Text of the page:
Malama Wao Akua winds down

Hui No‘eau creates festive family-friendly event to close exhibit

Saturday is the last opportunity to view Malama Wao Akua, the joint exhibition between the Hui No‘eau Visual Arts Center and the East Maui Watershed Partnership, during the Plants & Crafts Closing Celebration. Bryan Berkowitz photo

The public is invited to the Hui No’eau Visual Arts Center in Makawao from 10 a.m. to 1 p.m. Saturday, Nov. 10 for the Plants & Crafts: Malama Wao Akua Closing Celebration.

Presented in collaboration with East Maui Watershed Partnership, this family friendly event will give the community a final chance to view the juried artwork that was selected for this years Malama Wao Akua (Caring for the Realm of the Gods) annual art exhibition. Malama Wao Akua celebrates the native species of Maui Nui, which includes Maui, Lanai, Molokai and Kaho’olawe.

The closing celebration is the public’s last opportunity to view the work of 51 adults, 14 high school students, 22 middle school students and 10 elementary school students and vote for the “People’s Choice Award,” yet to be decided.

The Plants & Crafts closing celebration will include local, Made on Maui craft vendors including Rose Bailey, Jasmine Honey Jewelry, Cherie Attix, Grace Hazel, Pam Street, Jonathan Mann and Evelyn Brown. Native plants will be available for purchase from Native Nursery. If you arrive hungry, check out the food available for purchase from Ono Pono Acai and Maui Empanadas. Maui Coconut Care will be selling coconuts for people to drink from and eat, as well.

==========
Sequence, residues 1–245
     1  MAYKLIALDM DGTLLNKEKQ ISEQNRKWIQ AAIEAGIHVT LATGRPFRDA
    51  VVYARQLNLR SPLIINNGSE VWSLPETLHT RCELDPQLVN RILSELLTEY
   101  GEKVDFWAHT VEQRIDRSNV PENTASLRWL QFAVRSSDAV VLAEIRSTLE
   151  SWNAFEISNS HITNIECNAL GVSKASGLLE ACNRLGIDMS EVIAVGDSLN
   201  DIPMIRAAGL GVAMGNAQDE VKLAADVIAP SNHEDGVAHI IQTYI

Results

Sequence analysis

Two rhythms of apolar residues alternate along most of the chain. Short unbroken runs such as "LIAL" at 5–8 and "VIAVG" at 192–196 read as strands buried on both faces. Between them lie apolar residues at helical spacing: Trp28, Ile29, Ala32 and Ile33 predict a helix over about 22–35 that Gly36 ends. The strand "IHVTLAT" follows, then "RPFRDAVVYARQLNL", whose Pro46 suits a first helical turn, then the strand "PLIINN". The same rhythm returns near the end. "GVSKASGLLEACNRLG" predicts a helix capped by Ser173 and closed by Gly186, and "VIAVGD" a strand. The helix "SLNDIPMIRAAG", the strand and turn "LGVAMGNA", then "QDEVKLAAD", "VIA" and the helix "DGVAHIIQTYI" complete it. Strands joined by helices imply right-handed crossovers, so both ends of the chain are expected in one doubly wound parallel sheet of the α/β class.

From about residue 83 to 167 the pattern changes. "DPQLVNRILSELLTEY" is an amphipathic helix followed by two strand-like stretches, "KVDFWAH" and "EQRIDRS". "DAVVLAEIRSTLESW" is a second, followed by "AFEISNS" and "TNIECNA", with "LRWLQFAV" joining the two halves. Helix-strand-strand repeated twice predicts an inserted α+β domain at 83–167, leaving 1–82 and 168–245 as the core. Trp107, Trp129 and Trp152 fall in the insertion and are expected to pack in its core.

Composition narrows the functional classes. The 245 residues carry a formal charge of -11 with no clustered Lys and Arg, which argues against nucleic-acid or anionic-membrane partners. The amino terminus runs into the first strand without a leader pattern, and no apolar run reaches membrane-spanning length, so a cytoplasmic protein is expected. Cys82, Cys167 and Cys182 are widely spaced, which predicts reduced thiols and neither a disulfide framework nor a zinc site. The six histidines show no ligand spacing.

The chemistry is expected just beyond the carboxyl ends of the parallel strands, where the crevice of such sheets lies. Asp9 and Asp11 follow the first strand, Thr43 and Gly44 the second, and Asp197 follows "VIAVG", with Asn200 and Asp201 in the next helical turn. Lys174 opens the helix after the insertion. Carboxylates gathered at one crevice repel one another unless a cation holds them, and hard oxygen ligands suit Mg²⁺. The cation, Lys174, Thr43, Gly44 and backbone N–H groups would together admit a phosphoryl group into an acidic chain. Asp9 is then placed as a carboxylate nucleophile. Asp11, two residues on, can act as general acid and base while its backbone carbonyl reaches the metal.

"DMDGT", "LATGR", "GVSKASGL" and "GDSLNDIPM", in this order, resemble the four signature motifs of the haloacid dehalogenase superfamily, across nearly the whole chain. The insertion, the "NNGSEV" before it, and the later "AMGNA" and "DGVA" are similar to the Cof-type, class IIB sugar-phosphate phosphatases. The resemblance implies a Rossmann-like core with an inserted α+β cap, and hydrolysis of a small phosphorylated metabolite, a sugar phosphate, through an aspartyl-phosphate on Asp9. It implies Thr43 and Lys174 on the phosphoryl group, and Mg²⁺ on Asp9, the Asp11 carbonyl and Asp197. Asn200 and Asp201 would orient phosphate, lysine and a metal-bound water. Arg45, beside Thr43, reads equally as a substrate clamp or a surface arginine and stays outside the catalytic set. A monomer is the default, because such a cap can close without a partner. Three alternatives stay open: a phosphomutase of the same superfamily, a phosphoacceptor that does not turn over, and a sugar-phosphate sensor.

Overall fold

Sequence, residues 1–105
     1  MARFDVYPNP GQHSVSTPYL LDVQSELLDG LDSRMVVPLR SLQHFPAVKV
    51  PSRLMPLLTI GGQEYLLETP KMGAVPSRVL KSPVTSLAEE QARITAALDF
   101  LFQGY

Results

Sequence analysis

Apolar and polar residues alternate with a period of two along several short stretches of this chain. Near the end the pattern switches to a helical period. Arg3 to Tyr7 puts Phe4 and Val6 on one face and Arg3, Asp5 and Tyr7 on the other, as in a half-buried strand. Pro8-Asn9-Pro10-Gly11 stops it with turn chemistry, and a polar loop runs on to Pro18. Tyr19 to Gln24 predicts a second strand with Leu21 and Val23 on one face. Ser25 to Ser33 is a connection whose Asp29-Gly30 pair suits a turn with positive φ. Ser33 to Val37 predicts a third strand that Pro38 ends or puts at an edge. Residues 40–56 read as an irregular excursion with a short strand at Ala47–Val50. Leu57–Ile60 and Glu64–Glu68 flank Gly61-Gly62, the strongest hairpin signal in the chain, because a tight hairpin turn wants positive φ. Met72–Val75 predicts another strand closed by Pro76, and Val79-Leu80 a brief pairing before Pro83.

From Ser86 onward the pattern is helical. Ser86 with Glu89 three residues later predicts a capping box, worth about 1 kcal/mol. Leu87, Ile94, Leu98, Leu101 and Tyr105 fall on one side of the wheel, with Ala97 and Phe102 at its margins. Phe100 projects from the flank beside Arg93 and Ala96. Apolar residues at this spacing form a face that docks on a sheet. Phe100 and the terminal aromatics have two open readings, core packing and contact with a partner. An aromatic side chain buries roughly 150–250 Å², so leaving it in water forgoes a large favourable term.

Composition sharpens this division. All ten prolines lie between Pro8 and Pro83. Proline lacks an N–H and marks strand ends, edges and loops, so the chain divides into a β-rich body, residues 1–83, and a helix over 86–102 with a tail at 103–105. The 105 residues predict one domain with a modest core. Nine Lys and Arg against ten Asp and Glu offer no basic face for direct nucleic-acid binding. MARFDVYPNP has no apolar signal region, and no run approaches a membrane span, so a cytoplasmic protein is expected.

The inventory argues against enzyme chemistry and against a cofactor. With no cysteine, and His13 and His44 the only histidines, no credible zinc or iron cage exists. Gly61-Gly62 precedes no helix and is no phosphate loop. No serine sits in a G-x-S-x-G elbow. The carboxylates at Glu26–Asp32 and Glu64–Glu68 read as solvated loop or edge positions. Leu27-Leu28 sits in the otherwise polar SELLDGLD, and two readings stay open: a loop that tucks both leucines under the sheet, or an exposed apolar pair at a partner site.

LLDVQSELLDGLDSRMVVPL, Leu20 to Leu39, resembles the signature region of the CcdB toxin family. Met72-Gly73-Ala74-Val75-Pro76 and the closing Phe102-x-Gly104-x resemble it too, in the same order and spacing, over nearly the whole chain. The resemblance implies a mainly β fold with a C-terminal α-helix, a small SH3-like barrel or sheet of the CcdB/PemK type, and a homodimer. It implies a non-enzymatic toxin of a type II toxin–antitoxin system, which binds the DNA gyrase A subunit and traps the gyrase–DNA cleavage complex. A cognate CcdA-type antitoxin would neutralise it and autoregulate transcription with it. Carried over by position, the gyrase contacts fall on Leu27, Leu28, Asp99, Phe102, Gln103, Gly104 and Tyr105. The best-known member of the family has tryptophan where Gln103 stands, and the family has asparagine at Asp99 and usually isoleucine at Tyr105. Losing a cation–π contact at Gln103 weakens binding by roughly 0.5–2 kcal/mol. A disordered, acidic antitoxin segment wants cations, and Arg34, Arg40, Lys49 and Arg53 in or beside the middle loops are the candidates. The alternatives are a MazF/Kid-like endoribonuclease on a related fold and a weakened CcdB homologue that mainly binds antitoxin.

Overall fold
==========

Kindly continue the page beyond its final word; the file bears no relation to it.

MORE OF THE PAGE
Attendees can also visit the education booths hosted by Maui’s conservation organizations including EMWP, Maui Nui Seabird Recovery Project, Maui Forest Bird Recovery Project, Haleakala National Park, Mauna Kahalawai Watershed Partnership (formerly known as the West Maui Mountains Watershed Partnership), Plant Extinction Prevention Program, Maui Nui Marine Response Center and Kohala Project.

Each of the Hui’s art studios will be open for guests to explore. Keiki can participate in the Keiki Art Station in the Hui’s garden. During the day, glassblowing, lei-making, jewelry demonstrations and more will be on-going.

This event is also a perfect time to visit the Hui’s History Room, located within the walls of 100-year-old historic Kaluanui, to experience the large-scale mural created by Artist-in-Residence Mazatl earlier this year. Mazatl is a graphic maker from Mexico City who utilizes public space to communicate ideas and emotions while seeking to create conversations towards collective liberation.

During his six-week residency at the Hui, Mazatl’s large-scale mural was inspired by his experience on Maui — specifically the Auwahi Forest Restoration Project in Ulupalakua.

The Hui No’eau Visual Arts Center is located at 2841 Baldwin Ave. Admission is free and the exhibits are open to the public during normal operating hours of 9 a.m. to 4 p.m. daily. For more information about the Hui, call 572-6560 or visit www.huinoeau.com. For more information about the East Maui Watershed Partnership, visit www.eastmauiwatershed.org or call 573-6999.


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